2021 Spring Ecosystem Monitoring Cruise Completed

The late spring EcoMon cruise accomplished their objectives and more in two weeks at sea. From bongo tows, water casts and ocean acidification work to bird observing and shrunken cups, it was a productive cruise.

Scientist Betsy Broughton holing a vial of pteropods collected from a plankton sample under a nearby microscope

We have completed our sampling on the Spring Ecosystem Monitoring Survey with our 106th station located just under 60 nautical miles east of Cape Cod.

Mission Accomplished

The cruise was very successful. We accomplished two objectives in addition to our primary monitoring protocols. The first was to sample ocean acidification stations in the Gulf of Maine. We did not sail last year because of the pandemic, and these stations have often been difficult to reach due to time constraints on previous surveys. On this cruise we only missed two of these stations: one in the northern Gulf of Maine and one in the central Gulf of Maine.  

The second objective was to sample mackerel eggs and larvae in the western Gulf of Maine and Southern New England waters, the places they are likely to be this time of year. When storms were forecast for Georges Bank, we shifted the cruise track to the western Gulf of Maine. This allowed our ship, the NOAA Ship Gordon Gunterto keep working. As a result we exceeded our planned coverage of the western Gulf of Maine, although we only partially sampled Georges Bank.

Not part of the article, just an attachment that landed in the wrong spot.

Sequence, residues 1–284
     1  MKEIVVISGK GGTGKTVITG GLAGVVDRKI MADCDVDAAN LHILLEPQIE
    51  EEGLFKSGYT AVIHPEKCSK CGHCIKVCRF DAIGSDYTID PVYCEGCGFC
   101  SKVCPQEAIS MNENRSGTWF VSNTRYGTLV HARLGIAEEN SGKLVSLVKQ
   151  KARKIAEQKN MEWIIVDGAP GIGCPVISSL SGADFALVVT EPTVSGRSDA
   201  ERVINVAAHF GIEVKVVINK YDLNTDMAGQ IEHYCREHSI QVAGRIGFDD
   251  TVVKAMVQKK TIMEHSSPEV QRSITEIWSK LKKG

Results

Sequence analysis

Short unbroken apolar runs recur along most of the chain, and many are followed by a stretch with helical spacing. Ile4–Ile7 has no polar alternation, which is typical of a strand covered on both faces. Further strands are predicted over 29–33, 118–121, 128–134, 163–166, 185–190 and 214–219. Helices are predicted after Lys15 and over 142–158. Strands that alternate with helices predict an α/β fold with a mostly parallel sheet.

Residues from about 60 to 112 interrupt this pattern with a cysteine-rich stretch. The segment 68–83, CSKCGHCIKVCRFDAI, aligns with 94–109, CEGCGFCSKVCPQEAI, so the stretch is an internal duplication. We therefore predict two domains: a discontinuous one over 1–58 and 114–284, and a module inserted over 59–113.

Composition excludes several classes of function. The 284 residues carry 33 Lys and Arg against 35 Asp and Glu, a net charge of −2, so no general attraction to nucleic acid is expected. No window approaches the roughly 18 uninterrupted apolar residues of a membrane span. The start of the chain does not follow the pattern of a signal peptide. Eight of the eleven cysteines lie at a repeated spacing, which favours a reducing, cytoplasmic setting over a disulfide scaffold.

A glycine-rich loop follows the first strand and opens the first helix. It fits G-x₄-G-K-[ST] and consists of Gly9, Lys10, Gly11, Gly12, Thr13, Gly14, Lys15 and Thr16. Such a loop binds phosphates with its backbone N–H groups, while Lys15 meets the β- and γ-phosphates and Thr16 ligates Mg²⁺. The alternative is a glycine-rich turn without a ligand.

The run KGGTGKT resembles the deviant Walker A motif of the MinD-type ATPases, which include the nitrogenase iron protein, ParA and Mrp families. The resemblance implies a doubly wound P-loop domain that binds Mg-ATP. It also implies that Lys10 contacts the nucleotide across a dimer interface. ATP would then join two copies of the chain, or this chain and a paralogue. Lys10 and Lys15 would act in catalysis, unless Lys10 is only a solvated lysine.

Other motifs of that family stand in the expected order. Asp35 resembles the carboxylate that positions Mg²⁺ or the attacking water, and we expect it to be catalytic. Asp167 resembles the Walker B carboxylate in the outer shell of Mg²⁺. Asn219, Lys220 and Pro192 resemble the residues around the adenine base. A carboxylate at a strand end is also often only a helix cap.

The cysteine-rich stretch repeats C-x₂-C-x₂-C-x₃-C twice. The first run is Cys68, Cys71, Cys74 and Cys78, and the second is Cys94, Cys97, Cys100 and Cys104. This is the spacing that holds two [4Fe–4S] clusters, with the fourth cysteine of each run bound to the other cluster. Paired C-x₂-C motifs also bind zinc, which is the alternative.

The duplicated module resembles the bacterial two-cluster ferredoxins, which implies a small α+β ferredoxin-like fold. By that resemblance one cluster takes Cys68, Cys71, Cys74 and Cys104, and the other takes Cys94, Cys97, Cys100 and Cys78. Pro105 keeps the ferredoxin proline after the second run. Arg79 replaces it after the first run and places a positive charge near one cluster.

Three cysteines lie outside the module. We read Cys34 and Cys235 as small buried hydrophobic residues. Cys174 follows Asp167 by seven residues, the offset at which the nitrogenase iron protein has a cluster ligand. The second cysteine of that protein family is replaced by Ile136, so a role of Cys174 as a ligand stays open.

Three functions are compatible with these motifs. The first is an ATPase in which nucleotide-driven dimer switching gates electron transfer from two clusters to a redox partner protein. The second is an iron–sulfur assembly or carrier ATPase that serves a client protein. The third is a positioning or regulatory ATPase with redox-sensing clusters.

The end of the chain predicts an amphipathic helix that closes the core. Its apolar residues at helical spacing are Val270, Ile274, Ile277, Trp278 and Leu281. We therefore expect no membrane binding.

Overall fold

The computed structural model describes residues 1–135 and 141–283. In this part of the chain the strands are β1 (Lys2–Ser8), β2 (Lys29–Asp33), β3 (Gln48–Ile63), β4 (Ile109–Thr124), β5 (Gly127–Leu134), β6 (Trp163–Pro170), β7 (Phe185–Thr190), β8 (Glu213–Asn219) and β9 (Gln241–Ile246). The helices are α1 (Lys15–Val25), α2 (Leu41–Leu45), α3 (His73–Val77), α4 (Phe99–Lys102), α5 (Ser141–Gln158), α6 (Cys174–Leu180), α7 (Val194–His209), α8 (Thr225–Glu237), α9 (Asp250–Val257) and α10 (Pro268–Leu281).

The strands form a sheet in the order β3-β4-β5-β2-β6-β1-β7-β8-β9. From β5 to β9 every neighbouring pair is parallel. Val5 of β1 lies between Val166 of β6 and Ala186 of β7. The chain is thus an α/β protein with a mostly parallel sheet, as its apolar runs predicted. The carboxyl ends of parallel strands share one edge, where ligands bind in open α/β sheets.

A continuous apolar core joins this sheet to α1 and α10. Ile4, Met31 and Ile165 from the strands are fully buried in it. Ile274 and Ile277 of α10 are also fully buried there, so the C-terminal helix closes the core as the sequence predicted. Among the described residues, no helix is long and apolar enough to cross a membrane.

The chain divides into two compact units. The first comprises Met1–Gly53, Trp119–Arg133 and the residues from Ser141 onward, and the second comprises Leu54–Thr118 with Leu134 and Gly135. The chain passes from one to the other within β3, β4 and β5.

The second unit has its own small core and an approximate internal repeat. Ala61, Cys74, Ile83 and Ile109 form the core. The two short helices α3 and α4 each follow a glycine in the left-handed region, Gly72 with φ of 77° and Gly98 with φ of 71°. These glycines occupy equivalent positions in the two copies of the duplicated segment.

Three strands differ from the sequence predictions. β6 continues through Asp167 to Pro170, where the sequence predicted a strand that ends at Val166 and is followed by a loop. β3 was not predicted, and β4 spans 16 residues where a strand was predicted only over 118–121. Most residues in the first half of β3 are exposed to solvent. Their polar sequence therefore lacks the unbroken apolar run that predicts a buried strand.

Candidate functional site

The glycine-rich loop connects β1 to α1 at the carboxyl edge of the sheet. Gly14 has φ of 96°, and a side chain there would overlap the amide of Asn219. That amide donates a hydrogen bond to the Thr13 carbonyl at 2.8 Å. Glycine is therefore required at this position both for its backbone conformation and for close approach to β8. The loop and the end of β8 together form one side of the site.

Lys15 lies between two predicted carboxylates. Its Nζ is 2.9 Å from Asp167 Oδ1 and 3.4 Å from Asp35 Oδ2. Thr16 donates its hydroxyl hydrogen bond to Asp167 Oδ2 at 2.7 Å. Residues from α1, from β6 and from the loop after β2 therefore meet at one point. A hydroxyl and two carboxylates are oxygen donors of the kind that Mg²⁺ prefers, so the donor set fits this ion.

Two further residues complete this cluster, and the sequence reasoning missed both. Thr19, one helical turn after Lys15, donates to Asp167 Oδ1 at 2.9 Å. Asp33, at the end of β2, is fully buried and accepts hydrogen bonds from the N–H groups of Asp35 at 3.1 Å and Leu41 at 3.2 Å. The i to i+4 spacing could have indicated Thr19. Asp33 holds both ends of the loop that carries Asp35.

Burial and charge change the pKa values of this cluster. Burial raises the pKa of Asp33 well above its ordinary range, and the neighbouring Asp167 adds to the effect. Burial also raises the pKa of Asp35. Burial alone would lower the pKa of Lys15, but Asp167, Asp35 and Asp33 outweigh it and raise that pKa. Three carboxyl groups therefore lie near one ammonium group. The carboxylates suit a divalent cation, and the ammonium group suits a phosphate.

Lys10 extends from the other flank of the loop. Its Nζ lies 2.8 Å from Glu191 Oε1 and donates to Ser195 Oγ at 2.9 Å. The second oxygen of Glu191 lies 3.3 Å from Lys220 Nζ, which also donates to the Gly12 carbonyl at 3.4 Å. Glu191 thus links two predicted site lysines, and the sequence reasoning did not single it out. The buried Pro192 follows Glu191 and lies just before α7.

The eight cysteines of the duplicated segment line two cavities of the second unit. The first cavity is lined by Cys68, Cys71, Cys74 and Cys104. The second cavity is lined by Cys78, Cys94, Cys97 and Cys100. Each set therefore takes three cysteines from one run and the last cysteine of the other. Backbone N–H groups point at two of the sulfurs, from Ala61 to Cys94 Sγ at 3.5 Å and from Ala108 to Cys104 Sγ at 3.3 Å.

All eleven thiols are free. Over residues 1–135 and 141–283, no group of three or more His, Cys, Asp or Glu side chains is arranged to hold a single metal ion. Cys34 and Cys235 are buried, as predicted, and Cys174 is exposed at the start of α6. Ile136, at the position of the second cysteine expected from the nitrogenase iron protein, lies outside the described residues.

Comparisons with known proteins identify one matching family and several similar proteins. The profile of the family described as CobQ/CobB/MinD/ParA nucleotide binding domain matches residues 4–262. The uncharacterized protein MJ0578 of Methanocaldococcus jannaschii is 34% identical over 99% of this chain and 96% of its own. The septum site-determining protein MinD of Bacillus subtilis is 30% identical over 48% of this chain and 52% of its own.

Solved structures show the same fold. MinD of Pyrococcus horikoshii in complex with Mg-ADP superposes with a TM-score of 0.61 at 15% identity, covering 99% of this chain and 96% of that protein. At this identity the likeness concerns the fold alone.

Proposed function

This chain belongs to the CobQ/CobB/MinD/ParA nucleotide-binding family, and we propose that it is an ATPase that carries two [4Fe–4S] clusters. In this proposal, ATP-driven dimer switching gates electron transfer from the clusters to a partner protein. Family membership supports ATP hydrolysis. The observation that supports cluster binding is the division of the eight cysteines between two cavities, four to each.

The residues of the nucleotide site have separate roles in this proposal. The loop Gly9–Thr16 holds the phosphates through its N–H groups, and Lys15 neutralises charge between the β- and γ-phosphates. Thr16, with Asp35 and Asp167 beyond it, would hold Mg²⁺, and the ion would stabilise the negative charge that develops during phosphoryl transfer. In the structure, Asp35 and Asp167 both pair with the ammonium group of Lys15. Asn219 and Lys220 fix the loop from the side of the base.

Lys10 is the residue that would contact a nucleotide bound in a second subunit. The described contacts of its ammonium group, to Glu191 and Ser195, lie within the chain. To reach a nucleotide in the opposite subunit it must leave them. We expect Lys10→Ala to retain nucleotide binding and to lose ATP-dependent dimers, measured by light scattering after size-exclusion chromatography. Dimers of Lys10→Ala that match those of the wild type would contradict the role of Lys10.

Snails and Slugs to Further Ocean Acidification Work

The work on collecting pteropods—free-swimming pelagic sea snails and sea slugs—has continued throughout the cruise. Betsy Broughton has been an avid “pteropod hunter.” She worked with Chris Taylor, who would grab simultaneous dissolved inorganic carbon (DIC) samples from our scientific seawater collection system to match with them. Tamara Holzwarth-Davis and Paula Fratantoni, both on the other watch, did the same. Together they collected 34 samples of pteropods with matching DIC data, which should be great data for this ocean acidification effects study.  

NOAA Science Blog, 7 June 2021. Article.


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